Play - The Storyteller
by Elisa Miller - February, 1999
a time, there was a storyteller named Vered Hankin.
stories from history that were funny, moving, inspiring and educational,
all at the same time. Vered traveled all over the nation, performing
in theaters, schools, synagogues, parties, even on radio, TV and
film. From time to time, multi-instrumentalist Steve Roiphe joined
her and added a rich backdrop of sound to enhance the stories.
Vered's unique style incorporated dance, music, and storytelling
with magic and grace. Her powerful stories captivated audiences
from ages 3 to 113.
One day, Vered
was asked to tell a story to a big rowdy group of kids who refused
to settle down. The teacher tried to quiet the children by introducing
the story and asking them to pay attention, but the children just
became louder and wilder. The principal tried to quiet the children
by yelling and threatening them, but the children just shrieked
back at her and jumped in their chairs.
principal and the teacher shrugged their shoulders and stepped
aside, and Vered took the stage. Slowly and calmly, she began
to sing. The children had to strain to hear and they began to
quiet down. Vered magically transformed herself into an oak tree,
a reed, and the wind. Steve's harmonica blows a breeze and Vered
whirled and danced. The children grow silent. The wind swayed
their arms and the wind's song sang through their lips. Vered
brought the story to life and the children lived it
a long time ago, by the river, a reed swung happily to the rhythm
of the wind. One day as the reed silently swinging, its gaze
caught a nearby oak tree. "Hmmm," muttered the reed.
"If only I could be as tough as that oak tree. I would
stand my ground and no one could move me in any direction
Puffing by, the wind heard this and cried: "Ooooh! The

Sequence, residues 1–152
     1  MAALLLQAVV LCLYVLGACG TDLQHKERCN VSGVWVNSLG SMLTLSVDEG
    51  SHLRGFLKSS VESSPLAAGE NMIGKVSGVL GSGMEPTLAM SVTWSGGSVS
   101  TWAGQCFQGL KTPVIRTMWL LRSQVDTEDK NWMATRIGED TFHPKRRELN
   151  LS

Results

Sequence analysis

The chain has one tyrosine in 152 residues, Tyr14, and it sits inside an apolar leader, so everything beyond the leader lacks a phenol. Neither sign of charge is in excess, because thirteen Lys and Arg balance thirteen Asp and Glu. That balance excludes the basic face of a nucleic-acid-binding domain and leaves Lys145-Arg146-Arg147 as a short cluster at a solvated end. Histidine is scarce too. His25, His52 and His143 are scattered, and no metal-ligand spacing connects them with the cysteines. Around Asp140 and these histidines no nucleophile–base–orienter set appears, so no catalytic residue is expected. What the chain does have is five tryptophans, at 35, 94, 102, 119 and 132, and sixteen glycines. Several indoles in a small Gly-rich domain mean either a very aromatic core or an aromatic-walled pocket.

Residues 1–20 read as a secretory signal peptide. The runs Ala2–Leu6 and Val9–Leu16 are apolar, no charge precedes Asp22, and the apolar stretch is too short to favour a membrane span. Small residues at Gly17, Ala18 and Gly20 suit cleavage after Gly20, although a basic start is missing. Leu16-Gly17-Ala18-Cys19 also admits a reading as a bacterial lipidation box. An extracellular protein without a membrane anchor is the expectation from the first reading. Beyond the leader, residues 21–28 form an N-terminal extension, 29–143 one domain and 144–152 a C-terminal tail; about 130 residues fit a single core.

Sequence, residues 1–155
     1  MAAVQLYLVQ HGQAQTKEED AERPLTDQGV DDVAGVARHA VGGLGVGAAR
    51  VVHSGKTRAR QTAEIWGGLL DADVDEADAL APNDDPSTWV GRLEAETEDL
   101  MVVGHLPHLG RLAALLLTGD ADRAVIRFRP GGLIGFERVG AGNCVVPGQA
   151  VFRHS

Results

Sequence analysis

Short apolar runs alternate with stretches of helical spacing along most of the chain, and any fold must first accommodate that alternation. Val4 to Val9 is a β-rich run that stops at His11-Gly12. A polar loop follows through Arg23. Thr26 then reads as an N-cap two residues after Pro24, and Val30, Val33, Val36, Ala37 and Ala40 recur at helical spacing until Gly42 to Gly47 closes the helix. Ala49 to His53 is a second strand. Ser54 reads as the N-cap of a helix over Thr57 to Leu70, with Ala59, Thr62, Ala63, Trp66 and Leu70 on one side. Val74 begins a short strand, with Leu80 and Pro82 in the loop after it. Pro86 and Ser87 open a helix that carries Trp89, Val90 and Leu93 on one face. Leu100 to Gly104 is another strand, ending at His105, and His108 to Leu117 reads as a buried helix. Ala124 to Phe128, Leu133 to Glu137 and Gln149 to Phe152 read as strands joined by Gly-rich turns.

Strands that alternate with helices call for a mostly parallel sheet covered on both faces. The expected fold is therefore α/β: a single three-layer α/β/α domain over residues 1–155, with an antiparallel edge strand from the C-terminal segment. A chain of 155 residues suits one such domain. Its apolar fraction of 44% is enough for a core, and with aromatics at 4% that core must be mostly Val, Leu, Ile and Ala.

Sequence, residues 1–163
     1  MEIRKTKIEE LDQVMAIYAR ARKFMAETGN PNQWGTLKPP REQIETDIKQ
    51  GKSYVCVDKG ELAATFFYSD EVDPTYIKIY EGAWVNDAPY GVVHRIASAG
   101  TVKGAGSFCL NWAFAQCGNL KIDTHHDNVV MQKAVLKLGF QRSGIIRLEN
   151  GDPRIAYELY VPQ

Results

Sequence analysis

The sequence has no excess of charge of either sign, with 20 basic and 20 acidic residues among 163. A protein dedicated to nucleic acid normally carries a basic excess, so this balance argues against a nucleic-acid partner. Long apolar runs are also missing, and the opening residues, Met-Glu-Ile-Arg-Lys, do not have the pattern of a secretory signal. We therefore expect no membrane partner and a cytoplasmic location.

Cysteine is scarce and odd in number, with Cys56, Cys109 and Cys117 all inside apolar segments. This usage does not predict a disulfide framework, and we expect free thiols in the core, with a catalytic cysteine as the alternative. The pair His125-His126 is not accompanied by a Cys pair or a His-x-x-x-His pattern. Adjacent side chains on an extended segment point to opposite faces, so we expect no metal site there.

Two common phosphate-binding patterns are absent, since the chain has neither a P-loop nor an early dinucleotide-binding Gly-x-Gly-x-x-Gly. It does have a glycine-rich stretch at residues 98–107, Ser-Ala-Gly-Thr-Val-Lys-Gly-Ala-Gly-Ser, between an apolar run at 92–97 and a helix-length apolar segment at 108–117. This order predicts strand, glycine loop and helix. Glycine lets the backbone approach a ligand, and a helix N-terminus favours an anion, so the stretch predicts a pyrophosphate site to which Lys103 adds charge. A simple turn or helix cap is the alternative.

oak tree isn't so tough and neither are you! Get out of my way!
I'll show you! Ooooh!" The reed shuddered, but the oak
tree stood firm. "Ha!" cried the oak tree. "I
am not scared of you. I will not budge!" With all her might,
the wind shook the oak tree's leaves and branches, and one by
one they broke off to join her. The reed looked on, terrified,
but the oak tree stood firm ."I won't move! Go on!"
bellowed the oak tree. "Humph," the wind muttered,
twisting her muscular arms under the oak tree's roots; with
a "Hiyah!" she swooped up the oak tree and flung him
into the air. The reed trembled: "If the wind could uproot
the oak tree, what could she do to me?" Slyly swirling
towards him, the wind blew left and right. The poor reed had
no choice but to follow. The harder the wind shook, the quicker
the reed resonded, until soon, the two were dancing. "Ooooh!"
exclaimed the wind. "Wherever I swing, you swing. Instead
of fighting me, you listen; you understand." The wind winded
into a whirling stop, and then shuffled off, lightly humming
". The reed remained, swaying, and smiling:
"Perhaps things aren't always what they seem. Maybe I'm
not so weak after all and I may have even made a friend."
Indeed, from that day, whenever the wind whirled through, she
would slow down next to the reed, extending her arms for a dance.
When the story
ended, there was a pause. Then wondrous applause and laughter.
The children had listened and learned.
everybody lived happily ever after.
Reed and the Wind" by Vered Hankin © 1999, based on
an Aesop's fable